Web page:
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Video: Time Of Hot Flashes During Menopause May Indicate The Risk Of Heart Attack And Stroke
Time of hot flashes during menopause may indicate the risk of heart attack and stroke
Scientists have long linked vasomotor symptoms to cardiovascular risk. A new study has shown that the timing of these symptoms and their duration play a special predictive role.
Photo: CC0 Public Domain
The most famous manifestations of menopause are hot flashes (hot flashes) and night sweats. They are called vasomotor symptoms because they are related to the nature of the work of the vessels. In a new review, published in the American Journal of Obstetrics and Gynecology, the authors showed how the timing of these symptoms is related to the risk of cardiovascular disease. They analyzed 25 previous studies that involved more than 500 women.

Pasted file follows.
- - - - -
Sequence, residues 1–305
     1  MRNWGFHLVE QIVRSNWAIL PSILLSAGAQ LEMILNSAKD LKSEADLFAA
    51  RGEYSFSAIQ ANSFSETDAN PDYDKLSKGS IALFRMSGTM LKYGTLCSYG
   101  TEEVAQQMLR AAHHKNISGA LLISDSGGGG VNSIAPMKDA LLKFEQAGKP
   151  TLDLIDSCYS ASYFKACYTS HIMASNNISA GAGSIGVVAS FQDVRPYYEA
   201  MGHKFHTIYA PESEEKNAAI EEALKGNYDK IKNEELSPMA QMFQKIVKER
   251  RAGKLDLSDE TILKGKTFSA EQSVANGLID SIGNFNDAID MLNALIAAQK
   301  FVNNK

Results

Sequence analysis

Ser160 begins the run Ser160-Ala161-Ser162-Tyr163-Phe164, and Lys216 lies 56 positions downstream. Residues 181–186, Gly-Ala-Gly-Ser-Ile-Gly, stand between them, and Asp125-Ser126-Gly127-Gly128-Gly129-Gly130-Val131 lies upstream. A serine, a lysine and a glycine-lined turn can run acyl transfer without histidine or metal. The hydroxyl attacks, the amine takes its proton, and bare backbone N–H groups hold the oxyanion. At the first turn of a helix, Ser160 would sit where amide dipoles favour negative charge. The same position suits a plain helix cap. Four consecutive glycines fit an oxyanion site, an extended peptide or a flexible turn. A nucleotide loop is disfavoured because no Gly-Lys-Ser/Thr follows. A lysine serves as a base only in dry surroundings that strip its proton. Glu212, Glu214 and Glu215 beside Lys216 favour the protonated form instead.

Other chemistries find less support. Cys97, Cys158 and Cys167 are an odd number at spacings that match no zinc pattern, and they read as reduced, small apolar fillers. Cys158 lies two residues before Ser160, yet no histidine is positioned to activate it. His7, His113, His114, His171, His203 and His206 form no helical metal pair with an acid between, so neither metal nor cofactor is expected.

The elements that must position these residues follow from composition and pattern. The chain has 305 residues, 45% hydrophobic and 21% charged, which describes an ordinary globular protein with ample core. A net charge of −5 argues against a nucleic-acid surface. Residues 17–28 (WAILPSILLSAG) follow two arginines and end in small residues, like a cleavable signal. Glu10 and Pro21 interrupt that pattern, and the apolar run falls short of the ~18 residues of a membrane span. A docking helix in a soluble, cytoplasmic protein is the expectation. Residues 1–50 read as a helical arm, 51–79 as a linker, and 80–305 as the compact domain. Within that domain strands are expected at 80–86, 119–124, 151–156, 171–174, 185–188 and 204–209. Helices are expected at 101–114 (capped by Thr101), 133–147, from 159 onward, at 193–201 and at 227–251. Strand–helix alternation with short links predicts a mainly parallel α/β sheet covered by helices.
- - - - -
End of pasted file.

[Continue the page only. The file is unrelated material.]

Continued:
Hot flashes and sweating are usually present during perimenopause, when the body is rebuilding. Later, when full menopause begins, they disappear. Scientists at the University of Queensland have shown that women who have these symptoms during menopause increase the risk of stroke, heart attack and angina pectoris by 70%.
If vasomotor symptoms develop before menopause, the study suggests a 40% increased risk of heart attacks and strokes.
Another finding by scientists was that women of any age who experience vasomotor symptoms have an increased risk of non-fatal heart attacks and strokes.